Making Music with the Internet’s Most Reviled Synthesizer


I recently bought a Red Sound Systems DarkStar eight voice, polyphonic, tabletop synthesizer. This feature packed virtual analog (VA) was released in 1999 by the British manufacturer. Despite a glowing review from Sound on Sound on arrival, the instrument didn’t quite take off and was discontinued, along with its younger sibling the DarkStar XP2, after just a few years in production. Even more curious than that is the amount of vitriol amassed for the DarkStar on forums all over the web. I could go on, but suffice it to say that “piece of shit” was among the milder comments.

So why bother trying to make use of an abandoned device that broad swaths of the community dismiss while more zealous members condemn? Well, digging a little deeper led me to discover that although the instrument does have its shortcomings it also has its strengths and at least a handful of people seem to appreciate the character and flexibility of the DarkStar. Five part multi-timbral, two MIDI clock sync-able LFOs per part, low-band-high pass switchable 12db filter, full MIDI implementation, and loads of modulation routing add to the depth of the synth. It also has some quirky features like a formant waveform on oscillator 2, ring modulation, and a random LFO shape that interpolates between the values.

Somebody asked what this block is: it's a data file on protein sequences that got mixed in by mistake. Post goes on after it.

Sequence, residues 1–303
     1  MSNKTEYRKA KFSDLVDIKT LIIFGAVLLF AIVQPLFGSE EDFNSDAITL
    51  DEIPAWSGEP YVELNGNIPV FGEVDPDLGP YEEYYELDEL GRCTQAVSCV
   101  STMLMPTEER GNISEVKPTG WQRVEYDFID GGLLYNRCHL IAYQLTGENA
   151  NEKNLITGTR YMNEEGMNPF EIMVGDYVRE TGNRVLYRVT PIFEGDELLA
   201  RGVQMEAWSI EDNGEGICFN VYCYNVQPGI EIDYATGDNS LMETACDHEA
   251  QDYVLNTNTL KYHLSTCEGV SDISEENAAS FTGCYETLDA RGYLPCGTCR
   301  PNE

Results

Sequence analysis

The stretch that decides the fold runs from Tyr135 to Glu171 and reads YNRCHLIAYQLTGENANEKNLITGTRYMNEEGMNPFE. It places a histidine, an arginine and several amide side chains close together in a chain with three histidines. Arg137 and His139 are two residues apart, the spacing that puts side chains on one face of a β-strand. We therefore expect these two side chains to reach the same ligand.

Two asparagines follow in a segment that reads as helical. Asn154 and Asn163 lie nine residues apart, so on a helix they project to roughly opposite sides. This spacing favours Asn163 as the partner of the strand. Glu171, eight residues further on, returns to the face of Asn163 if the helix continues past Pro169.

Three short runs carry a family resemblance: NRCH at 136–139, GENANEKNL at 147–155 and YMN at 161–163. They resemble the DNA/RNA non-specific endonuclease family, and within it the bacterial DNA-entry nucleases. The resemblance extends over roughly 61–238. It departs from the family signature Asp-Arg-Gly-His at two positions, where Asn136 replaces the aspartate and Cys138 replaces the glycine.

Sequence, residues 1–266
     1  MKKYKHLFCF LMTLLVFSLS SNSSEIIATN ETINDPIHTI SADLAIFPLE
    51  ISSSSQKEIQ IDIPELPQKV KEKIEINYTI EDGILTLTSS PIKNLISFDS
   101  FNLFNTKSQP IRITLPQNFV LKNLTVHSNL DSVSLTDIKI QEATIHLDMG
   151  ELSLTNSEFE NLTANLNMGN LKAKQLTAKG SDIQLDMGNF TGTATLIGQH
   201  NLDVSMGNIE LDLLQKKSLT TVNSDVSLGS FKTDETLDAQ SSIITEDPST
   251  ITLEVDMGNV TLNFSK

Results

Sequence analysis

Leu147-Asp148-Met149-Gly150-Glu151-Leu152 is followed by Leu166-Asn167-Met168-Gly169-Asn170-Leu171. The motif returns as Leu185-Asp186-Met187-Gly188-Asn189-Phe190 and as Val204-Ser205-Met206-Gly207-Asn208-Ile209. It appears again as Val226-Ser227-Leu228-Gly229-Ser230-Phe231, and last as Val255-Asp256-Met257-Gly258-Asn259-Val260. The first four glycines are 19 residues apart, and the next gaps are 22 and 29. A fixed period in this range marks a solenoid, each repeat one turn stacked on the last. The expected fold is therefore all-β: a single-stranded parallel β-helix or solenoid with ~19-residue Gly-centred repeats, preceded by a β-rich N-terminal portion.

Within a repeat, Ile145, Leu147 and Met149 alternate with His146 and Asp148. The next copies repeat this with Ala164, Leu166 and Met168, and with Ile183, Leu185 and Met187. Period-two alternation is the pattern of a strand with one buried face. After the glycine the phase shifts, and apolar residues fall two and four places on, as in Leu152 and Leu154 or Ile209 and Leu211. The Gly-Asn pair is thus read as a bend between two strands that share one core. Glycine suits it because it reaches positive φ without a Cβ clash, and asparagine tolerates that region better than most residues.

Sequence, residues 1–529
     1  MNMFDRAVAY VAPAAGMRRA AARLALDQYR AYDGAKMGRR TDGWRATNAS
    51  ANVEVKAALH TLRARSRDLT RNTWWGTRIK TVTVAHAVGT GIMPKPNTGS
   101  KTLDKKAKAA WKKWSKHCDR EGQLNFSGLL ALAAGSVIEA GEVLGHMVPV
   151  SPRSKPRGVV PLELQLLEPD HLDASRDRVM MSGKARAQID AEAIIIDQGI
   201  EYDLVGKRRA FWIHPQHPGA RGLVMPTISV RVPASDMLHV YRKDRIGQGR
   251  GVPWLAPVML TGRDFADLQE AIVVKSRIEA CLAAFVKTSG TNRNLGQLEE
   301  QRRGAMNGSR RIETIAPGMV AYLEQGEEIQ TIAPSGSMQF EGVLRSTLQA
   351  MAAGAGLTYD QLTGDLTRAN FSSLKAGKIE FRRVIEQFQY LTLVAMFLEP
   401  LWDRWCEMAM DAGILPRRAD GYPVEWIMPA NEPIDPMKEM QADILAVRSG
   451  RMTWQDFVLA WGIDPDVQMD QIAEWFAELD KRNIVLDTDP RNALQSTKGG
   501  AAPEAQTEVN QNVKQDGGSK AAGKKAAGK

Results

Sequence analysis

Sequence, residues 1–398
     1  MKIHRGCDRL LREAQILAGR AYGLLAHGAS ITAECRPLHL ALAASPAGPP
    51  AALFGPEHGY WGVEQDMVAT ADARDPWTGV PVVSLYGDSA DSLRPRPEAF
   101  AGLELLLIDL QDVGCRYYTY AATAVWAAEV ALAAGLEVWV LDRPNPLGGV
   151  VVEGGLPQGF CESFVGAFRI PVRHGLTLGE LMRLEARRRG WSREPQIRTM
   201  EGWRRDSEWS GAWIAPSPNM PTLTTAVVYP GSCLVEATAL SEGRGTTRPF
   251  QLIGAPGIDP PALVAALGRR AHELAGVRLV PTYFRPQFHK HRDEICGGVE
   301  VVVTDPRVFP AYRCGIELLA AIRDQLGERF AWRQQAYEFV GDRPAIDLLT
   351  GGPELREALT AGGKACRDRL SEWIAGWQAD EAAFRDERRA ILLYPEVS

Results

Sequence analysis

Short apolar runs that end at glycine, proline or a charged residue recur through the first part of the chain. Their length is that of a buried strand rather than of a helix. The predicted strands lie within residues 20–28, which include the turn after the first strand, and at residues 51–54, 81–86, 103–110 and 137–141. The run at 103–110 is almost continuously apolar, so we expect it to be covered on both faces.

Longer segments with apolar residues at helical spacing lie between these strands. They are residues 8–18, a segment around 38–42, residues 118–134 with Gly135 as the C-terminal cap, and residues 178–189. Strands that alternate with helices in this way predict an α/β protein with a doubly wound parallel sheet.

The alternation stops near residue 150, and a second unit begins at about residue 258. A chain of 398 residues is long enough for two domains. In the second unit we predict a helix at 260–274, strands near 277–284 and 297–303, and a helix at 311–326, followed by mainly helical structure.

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Low Latency Wired MIDI with iPad, Bitstream 3X, and QuNexus

Like many of you I have experimented with MIDI over wifi on the iPad. Mainly so that I can use a proper keyboard to play some of the splendid virtual instruments available on iOS. However, connecting to the iPad this way requires a computer on the same network, or instantiating an ad hoc network for the MIDI I/O. Secondly, although it can be stable it is usually slower and suffers from wireless network traffic congestion, hence more latency than a wired connection.